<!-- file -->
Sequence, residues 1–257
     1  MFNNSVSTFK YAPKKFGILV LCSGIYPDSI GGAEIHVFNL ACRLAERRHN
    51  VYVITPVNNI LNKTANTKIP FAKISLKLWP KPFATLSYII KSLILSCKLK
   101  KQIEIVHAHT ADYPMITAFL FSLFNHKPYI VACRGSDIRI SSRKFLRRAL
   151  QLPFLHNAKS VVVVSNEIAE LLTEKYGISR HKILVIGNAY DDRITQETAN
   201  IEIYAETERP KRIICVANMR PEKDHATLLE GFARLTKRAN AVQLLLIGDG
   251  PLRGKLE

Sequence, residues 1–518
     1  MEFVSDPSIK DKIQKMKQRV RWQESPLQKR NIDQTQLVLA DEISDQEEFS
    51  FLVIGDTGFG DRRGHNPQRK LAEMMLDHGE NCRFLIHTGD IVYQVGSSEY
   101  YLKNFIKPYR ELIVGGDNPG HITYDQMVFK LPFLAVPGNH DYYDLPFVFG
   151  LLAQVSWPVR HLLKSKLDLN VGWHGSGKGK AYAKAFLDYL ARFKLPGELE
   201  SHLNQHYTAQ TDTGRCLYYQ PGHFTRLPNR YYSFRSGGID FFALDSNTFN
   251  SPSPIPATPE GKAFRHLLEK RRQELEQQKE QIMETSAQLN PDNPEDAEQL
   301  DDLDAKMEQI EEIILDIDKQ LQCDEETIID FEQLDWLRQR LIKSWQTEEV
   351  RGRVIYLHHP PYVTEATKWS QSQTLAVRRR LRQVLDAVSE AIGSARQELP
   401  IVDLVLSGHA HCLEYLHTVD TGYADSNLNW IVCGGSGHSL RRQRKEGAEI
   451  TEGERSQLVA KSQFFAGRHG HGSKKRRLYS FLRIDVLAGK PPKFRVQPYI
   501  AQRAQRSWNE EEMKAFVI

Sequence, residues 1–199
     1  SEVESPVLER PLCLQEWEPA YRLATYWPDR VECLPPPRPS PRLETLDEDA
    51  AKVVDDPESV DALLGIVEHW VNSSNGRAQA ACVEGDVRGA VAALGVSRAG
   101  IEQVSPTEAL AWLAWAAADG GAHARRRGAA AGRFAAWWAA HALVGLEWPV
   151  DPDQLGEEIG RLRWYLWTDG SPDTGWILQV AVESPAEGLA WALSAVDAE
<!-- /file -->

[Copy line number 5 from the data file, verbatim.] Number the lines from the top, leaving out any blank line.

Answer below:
   151  QLPFLHNAKS VVVVSNEIAE LLTEKYGISR HKILVIGNAY DDRITQETAN